Over the last week we all shook our heads in frustration at the excesses of Wall Street and the banks that we, as taxpayers, are supporting. We heard of corporate jets, billions in bonuses and an $87,000 area rug.
This all made me think of the streets of Buenos Aires after the economic collapse of Argentina in 2001. Nearly a year after the protests quieted, these pictures captured the collective frustration of the Argentines as expressed on the canvas of architecture. Old, new, local and foreign: the banks in Buenos Aires had been attacked, vandalized and covered with graffiti. The graffiti accused the banks of robbery and even murder. Architecture essentially became a proxy for failed government intervention and a symbol of fiscal malfeasance, and as such bore the brunt of the populace’s anger and frustration. In response, banks were forced to board up all their doors and windows, only allowing entrance through a door (often steel) that was heavily guarded and equipped with a metal detector. The banks, so often rendered in an architecture of strength, transparency and brilliance were suddenly forced to recede into an architecture of conflict.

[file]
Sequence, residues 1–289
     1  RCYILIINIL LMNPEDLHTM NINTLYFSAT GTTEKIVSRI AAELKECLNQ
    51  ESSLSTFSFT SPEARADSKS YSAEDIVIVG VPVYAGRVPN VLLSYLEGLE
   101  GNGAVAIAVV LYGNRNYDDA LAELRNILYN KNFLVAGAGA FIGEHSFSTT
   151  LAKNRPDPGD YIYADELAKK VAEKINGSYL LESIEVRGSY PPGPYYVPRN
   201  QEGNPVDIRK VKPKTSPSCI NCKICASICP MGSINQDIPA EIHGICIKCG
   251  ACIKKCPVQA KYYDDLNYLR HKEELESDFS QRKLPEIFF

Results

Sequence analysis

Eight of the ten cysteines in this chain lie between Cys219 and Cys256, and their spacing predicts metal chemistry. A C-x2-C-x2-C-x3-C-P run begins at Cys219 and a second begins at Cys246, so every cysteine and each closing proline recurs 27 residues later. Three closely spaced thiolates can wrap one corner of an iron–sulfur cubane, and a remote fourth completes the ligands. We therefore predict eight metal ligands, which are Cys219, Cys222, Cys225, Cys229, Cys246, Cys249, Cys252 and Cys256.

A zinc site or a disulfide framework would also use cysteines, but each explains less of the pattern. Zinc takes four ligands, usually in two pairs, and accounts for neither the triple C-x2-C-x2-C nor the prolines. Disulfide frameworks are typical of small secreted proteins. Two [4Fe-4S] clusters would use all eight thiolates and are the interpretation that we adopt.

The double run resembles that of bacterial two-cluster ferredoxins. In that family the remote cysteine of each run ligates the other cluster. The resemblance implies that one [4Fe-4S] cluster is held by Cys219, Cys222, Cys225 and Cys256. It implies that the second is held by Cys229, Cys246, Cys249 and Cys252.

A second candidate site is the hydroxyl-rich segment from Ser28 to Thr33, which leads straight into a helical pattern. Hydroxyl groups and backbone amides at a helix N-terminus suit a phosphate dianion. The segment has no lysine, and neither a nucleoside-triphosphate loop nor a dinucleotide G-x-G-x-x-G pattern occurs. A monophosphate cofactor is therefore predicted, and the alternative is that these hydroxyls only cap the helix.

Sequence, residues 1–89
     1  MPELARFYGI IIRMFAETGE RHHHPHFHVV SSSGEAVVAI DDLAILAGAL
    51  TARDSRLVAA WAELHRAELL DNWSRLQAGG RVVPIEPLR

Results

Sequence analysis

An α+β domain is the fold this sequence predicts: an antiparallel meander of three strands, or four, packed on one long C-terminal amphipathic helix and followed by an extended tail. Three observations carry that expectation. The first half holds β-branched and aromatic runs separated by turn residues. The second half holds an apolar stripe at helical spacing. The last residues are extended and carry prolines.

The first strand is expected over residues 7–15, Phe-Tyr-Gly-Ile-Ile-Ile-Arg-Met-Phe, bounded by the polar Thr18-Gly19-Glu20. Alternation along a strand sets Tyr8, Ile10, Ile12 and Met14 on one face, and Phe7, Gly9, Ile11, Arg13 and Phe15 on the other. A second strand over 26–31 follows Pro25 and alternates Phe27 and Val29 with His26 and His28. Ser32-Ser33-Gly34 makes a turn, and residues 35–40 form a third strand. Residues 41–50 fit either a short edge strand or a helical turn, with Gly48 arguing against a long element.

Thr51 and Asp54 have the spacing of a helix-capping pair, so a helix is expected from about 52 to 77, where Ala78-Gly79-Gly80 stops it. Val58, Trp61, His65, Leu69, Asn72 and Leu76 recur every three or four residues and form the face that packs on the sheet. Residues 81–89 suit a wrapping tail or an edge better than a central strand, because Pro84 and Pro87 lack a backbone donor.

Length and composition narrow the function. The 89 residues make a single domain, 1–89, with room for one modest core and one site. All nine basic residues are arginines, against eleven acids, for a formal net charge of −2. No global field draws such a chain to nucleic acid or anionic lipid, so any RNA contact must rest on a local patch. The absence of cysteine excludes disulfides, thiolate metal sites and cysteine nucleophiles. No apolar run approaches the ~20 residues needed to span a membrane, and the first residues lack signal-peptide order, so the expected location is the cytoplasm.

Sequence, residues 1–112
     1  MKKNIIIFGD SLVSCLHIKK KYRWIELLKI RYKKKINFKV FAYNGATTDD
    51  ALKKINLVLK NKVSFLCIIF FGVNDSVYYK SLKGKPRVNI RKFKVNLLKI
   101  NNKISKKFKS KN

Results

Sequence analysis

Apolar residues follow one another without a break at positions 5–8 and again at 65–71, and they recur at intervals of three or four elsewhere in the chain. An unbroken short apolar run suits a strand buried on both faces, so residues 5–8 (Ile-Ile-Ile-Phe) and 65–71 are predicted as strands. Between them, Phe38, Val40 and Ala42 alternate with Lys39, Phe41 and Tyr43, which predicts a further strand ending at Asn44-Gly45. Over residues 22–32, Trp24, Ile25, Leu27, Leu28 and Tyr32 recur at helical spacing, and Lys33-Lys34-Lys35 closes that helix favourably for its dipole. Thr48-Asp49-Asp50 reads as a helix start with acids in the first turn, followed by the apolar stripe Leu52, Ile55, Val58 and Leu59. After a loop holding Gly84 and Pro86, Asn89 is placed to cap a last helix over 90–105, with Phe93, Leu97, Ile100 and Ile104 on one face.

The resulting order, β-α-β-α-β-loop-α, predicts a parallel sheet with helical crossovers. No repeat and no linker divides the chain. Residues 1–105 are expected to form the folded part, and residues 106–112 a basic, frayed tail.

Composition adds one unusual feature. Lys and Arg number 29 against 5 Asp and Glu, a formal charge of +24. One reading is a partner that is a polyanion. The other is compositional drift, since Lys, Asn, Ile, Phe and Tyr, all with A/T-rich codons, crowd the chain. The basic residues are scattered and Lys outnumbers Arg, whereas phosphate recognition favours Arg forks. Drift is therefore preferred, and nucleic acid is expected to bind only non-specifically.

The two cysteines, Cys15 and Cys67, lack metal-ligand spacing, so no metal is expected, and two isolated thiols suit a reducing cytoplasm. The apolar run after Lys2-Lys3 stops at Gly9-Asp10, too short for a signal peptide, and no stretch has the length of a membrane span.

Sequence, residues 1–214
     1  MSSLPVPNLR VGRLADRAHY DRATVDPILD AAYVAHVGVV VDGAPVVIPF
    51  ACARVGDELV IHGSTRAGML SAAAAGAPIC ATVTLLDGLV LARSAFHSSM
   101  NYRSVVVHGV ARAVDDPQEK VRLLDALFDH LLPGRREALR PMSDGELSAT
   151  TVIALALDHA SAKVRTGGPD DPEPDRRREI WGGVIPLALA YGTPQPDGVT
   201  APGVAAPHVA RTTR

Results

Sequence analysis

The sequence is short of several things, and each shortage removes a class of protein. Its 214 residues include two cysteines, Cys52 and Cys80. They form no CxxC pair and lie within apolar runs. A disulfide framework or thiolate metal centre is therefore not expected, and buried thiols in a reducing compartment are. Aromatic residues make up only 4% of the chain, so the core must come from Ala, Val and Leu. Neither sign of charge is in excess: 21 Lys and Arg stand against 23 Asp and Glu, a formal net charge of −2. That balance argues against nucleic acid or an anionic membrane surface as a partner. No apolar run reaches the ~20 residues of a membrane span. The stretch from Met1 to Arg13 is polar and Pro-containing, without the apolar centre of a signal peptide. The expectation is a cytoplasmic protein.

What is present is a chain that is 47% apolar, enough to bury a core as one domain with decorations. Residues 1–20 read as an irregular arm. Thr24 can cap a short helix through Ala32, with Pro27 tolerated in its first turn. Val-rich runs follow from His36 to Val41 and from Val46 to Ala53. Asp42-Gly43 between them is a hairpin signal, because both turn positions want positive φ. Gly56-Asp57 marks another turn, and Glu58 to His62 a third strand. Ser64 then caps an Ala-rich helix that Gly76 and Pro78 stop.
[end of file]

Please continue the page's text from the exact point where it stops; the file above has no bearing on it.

Last week we posted about the authenticity of materials and by extension of architecture. The underlying idea that architecture can embody meaning and breed comfort points to the symbolic power of building. Buildings express our yearnings and our fears – an expression in built form of a collective will. One might say that the architecture of the last decade has been characterized by optimism, flamboyance and even excess. This begs the question of what our response will be to the stark economic and social climate that we face.